Season 1, Episode 5
Airdate: October 9, 1976
Much like the entire run of The Addams Family, you could say that basically any episode of one of the various Scooby-Doo cartoons from the ’70s is spooky enough to feel like a Halloween episode. Perhaps it says something that The Munsters never even had a Halloween episode, since doing a Halloween episode of a show that’s basically already Halloween-themed is a bit redundant. Still, this was the first of several “official” Halloween episodes and specials to take place in the Scooby-Doo-niverse (sorry), though unsurprisingly there isn’t all that much in this episode that’s different from the tried-and-true formula of a Scooby-Doo episode. Regardless, it’s been god knows how many years since I’ve watched an episode of Scooby-Doo, so it was still kinda fun to watch these meddling kids solve a mystery.
The mystery in question starts at a Halloween Party at a fancy mansion known as Crane Manor, which Shaggy (dressed as a vampire), Thelma (dressed as a witch), Fred (dressed as a pirate), and Daphne (dressed as a fairy) have ended up at. As you could expect, Shaggy’s mostly interested in the food spread at the party, while he’s quickly joined by Scooby and his cousin Scooby-Dum (more on him later). At one point, Scooby and Shaggy make their way outside the mansion and notice a headless horseman sporting a jack-0-lantern for a head riding off in the distance. The gang then consults with Beth Crane, the owner of the mansion and the grandaughter of Icabod Crane. She fears that the Headless Horseman has come back to wreak havoc on the family before the gang discovers that the Headless Horseman is terrorizing the party guests.
After the Horseman escapes, the gang takes to roaming the mansion, looking for clues. This features your typical sequence of Shaggy, Scooby, and Thelma opening a bunch of doors, and this time not really finding much (other than a bowling ball that Scooby-Dum mistakes for a pumpkin). However, once returning back downstairs, Shaggy and the two Scoobies encounter the Horseman, who seems to be after their heads. However, a little while later, Mrs. Crane’s cousin Elwood explains that the Horseman is actually after the jeweled necklace that Mrs. Crane owns. Elwood then takes the necklace to bring to the bank (I guess at night?), though before he gets there he crashes his car and the gang then sees Elwood’s head on top of the Headless Horseman’s as he rides away.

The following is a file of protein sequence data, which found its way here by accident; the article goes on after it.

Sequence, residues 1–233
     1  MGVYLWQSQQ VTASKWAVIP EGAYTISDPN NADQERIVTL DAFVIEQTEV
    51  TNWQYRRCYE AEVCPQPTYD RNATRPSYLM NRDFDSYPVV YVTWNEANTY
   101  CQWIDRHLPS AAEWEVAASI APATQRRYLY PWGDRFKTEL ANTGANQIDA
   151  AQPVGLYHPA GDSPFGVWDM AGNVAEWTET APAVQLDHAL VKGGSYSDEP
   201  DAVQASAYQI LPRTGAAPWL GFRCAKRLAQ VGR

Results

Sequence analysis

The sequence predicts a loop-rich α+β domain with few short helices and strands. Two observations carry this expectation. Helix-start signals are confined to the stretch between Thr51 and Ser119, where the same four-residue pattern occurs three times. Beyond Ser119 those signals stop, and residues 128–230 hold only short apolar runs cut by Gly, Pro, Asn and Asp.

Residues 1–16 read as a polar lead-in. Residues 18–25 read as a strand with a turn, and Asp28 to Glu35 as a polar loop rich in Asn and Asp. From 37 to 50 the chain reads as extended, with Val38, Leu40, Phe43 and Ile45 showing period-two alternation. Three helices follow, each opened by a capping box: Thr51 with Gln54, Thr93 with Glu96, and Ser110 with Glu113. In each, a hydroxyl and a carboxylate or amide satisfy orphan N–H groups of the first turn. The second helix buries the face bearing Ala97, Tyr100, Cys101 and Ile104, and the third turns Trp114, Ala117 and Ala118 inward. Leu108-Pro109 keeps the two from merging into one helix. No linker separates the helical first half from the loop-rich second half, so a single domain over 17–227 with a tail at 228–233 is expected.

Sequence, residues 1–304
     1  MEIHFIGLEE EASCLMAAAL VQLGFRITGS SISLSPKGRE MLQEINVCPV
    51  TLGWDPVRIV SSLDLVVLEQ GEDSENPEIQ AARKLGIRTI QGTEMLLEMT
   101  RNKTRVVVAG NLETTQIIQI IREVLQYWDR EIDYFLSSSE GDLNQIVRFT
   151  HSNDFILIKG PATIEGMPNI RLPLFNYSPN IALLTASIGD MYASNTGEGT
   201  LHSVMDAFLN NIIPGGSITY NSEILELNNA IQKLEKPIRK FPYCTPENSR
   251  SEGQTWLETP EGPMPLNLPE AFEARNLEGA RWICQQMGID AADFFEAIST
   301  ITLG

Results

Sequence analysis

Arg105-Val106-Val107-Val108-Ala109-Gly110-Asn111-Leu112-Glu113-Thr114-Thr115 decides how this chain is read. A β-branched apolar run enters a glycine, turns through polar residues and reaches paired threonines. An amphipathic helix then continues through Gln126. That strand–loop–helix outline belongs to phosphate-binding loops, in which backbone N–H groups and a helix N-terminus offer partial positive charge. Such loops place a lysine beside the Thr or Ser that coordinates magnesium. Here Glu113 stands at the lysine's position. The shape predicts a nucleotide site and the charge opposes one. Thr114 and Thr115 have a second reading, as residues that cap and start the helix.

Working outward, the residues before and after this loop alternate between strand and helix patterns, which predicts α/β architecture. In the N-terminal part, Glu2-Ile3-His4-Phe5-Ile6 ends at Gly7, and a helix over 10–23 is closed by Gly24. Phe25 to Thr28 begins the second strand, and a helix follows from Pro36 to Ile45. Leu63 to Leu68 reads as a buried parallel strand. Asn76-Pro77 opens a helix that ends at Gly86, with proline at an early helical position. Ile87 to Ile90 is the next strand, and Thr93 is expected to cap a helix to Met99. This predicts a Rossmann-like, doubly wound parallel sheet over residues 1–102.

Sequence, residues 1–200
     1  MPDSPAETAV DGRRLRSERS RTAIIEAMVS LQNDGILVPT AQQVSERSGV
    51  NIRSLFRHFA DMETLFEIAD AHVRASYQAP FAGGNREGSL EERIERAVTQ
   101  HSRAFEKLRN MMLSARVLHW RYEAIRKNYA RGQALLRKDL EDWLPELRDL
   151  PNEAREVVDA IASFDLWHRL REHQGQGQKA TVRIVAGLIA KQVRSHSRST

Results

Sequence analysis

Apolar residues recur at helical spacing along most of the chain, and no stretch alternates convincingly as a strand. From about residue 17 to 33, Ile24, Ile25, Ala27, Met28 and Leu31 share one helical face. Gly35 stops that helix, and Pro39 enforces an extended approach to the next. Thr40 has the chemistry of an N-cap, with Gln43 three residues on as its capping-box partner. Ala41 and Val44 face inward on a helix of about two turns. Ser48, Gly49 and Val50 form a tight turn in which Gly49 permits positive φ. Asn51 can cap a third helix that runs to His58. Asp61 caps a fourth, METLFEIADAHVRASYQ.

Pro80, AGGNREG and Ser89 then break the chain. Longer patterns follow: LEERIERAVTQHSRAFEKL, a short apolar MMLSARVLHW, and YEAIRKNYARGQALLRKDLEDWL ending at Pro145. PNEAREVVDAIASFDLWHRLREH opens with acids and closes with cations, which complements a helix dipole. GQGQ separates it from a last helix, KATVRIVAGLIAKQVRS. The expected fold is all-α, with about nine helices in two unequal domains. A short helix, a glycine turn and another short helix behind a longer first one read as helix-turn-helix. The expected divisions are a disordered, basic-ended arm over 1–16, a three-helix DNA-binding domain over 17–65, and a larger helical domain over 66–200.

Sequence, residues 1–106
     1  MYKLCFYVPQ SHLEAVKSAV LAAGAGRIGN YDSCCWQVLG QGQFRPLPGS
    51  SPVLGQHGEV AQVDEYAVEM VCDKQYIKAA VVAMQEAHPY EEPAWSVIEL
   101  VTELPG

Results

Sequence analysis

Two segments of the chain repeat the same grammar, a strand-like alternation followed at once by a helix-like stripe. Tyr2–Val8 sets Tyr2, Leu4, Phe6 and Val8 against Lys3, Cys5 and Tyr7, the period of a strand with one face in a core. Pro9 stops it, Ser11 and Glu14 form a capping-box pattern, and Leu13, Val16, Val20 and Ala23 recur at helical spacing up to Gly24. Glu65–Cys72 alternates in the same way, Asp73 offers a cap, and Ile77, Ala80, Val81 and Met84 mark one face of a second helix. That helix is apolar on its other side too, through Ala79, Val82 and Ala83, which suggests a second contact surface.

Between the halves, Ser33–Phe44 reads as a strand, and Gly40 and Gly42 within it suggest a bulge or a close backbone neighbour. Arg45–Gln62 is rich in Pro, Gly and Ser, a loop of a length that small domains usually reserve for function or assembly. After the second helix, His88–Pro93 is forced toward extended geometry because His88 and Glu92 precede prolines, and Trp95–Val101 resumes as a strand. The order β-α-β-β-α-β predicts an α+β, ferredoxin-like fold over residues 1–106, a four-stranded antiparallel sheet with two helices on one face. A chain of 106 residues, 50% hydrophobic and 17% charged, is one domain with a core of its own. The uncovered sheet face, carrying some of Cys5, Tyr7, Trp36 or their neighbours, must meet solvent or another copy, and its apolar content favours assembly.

After receiving a crucial clue at the scene of the crime, the gang returns to the mansion only to discover that the creepy butler has white on his hands (similar to the color of Elwood’s head atop the Horseman’s body), though he explains it’s because he was making a cake. The gang then heads to the graveyard to find another clue that has Fred putting it all together in his head. They then head to the local airport, expecting the Headless Horseman to show up there for an airborne escape. Sure enough, he does, though the gang’s plan to ambush him doesn’t go exactly as planned, as Scooby falls into the cockpit with the Horseman and ends up crashing the plane. Still, they’re able to detain the Horseman and after trying to rip the Elwood mask off of the Horseman’s head, they find it actually is Elwood who is the horseman. Daphne explains why, Elwood waxes how he would have gotten away with it, etc., and Scooby-Dum has a run in with a vengeful fish that he thinks is a clue, and the gang all laughs. Cut to credits.
I was not expecting to spend so much time explaining the plot of an episode of Scooby-Doo, though it is impressive how much story this show packs into roughly 25 minutes. I suppose it makes sense when you have to set up and solve a mystery in such a short amount of time, which gives the show a breakneck pace that I didn’t recall from watching it as a kid. Though the show’s bite-sized mysteries might explain why I was able to watch a then-20-year-old show as a kid and not be bored — there’s just a lot of shit going on. Both in terms of silly jokes and story details.
One thing I was not aware of was how complicated the Scooby-Doo chronology is despite being an extremely formulaic show. The Scooby-Doo Show was actually the third Scooby-Doo series produced by Hanna-Barbara, which was preceded by Scooby-Doo, Where Are You? and The New Scooby-Doo Movies (which featured The Addams Family as guest stars, fittingly enough). The thing that was distinctive about The Scooby-Doo Show was that it was paired with Dynomutt, The Dog Wonder to make the Scooby-Doo/Dynomutt Hour. Also, it marked the first appearance of Scooby-Dum, Scooby-Doo’s grayer, dumber cousin, who is one of the very few dogs in all of fiction that I’ve seen regularly wearing a hat.
Keep in mind, this was a few years before Scrappy-Doo became a central part of another Scooby-Doo series, Scooby-Doo and Scrappy-Doo. The existence of both Scooby-Dum and Scrappy-Doo is odd to me, because Scooby-Doo is already a fairly annoying character. Why do we need him to be paired with an even more annoying version of himself? I suppose in the case of Scrappy-Doo it was to grab ratings, since the show started to wane in popularity at the tail-end of the ’70s. Still, Shaggy rules, Thelma’s underrated, and Fred and Daphne are fine I guess. Even if the Scooby-Doo formula was a little tired by this point, it’s hard to beat the general vibe of an episode of Scooby-Doo, which may explain the franchise’s staying power.